After making headlines in connection with its announcement that design icon Raf Simons would join Miuccia Prada as co-creative director for its marquee brand, Prada Group has reported revenue for 2019 of $3.49 billion, up 2.7 percent compared to the year prior. Meanwhile, the Milan-based group, which owns Prada, Miu Miu, Church’s and Car Shoe, boasted profits of $277.8 million, a rise of $24.5 percent from 2018, with retail – as opposed to wholesale – sales up 4.1 percent to $2.85 billion.
Prada revealed in its report on Wednesday that leather goods make up 56 percent of its total revenue, followed by ready-to-wear, which accounts for 24 percent of sales; and footwear at 18 percent of sales. Interestingly, the group’s leather goods sales were down 1 percent for 2019, while its ready-to-wear sales were up by 9 percent, driven by both Prada and Miu Miu collections, according to the report. This is something of a notable takeaway given that most of Prada’s competitors are experiencing growth in their leather goods sales, as opposed to in their garment offerings.
The group pointed to double digit full price sales growth in the second half of the year across all categories for its namesake Prada brand with a particularly “strong performance” from Linea Rossa, which it describes as a collection aimed at reaching a “younger audience with a sporty and lifestyle mindset” by way of “advanced fabrics” and “metropolitan and urban roots.” Meanwhile, Miu Miu experienced “significant improvement” for the second half of the year with “outstanding performance in ready-to-wear” driving strong double digit full price sales for that period.
The year, as a whole – which follows from three years of falling sales between 2014 and 2017 – “featured important strategical decisions that, relying on the innovation and excellence that consumers throughout the world associate with the Group’s brands,” per Prada. In particular, the group pointed to its “complete phase out [of] markdowns,” and its introduction of “more stringent policies to better control digital platforms,” while also highlighting “increased investment in brands and new communication strategies.”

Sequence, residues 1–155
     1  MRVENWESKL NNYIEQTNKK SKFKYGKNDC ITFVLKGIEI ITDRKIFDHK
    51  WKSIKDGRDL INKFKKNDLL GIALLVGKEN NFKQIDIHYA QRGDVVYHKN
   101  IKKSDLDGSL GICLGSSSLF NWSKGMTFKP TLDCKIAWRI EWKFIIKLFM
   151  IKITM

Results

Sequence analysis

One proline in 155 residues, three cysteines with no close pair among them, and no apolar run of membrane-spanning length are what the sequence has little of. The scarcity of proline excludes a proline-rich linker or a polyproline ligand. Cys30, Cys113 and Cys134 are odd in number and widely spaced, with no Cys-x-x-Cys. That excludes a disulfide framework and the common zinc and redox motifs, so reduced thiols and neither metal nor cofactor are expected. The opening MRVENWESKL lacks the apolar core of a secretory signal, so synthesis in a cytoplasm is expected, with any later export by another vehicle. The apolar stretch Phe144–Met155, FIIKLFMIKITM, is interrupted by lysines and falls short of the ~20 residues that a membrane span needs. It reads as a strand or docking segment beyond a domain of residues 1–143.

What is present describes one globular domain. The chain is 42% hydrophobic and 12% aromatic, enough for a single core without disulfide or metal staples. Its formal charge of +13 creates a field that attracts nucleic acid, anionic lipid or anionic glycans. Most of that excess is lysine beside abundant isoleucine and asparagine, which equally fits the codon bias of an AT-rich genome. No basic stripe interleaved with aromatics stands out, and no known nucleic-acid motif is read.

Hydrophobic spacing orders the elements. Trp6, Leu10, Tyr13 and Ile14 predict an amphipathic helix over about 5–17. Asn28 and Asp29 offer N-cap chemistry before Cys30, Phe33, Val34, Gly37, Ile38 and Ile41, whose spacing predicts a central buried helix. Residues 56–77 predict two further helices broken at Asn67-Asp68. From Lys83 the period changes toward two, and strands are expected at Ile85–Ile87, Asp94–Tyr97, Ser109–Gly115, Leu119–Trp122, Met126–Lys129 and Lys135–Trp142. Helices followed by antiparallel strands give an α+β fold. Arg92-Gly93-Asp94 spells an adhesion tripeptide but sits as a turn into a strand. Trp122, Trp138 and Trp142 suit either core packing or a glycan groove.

Specifically addressing its overhauled communications efforts, the group noted that “web and social mentions increased [during the year] thanks to environmental initiatives and collaborations (Prada Re- nylon, ESG loan and Prada for adidas).”
Still yet, in terms of retail, Prada stated that for fiscal year 2019, it rolled out “28 pop ups and 28 special in-store installations,” which proved to be significant for “enhanced customer engagement,” and “more than 1,000 store events generating high returns and creating social content and excitement.” This was coupled with “strong flow of product newness and well-received iconic re-editions,” as well as “diversified price points” and “successful collaborations with adidas and other partners.”
Also underway, Prada is in the process of reworking its wholesale strategy. In order to “enhance brand desirability to reach a better relationship with final customers around product value,” it is “reducing allocation to wholesale partners,” and implementing “stricter conditions in terms of geographic areas, volumes and pricing policy” in connection with the wholesale partners it has.
As for the un-ignorable issue that it – and the rest of the fashion industry – is currently facing: Prada notes that “the strong growth seen in [the second half of the year] and up to the end of January 2020 has been interrupted by the Coronavirus outbreak and all Group efforts are now dedicated to overcome this contingency,” stating that while “it is difficult to forecast the evolution of the epidemic, we are expecting a negative impact on this year’s results.”
“Prada is implementing a comprehensive contingency plan to mitigate such effects, relying on its flexible supply chain and lean organization,” it said in a statement.